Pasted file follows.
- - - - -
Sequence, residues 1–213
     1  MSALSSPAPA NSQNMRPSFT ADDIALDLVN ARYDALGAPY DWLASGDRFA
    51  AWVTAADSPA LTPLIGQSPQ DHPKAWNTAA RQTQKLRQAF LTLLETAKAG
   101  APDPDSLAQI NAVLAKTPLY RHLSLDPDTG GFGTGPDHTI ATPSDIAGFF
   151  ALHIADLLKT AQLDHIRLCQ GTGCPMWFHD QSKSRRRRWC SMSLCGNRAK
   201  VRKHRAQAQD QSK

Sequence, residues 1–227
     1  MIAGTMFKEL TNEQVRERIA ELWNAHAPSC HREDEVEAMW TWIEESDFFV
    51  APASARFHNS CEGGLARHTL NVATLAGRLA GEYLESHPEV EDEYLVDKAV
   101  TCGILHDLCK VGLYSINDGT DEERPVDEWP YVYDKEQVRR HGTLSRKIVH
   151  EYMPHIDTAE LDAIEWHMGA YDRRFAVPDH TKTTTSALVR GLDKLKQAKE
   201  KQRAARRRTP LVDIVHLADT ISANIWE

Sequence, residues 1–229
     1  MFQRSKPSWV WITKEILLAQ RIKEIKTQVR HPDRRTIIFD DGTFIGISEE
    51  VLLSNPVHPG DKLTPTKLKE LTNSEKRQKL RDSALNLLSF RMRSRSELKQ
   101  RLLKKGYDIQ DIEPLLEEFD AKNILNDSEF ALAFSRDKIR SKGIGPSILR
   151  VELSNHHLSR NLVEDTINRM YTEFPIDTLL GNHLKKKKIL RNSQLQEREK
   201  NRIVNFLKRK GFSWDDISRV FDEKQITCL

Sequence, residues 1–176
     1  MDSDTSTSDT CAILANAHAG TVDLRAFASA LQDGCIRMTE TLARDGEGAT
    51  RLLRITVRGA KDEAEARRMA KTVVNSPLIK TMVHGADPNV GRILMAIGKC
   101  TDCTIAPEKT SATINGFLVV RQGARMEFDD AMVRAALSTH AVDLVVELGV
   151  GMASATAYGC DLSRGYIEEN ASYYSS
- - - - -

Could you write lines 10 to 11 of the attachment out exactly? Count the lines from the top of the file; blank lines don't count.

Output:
   101  TCGILHDLCK VGLYSINDGT DEERPVDEWP YVYDKEQVRR HGTLSRKIVH
   151  EYMPHIDTAE LDAIEWHMGA YDRRFAVPDH TKTTTSALVR GLDKLKQAKE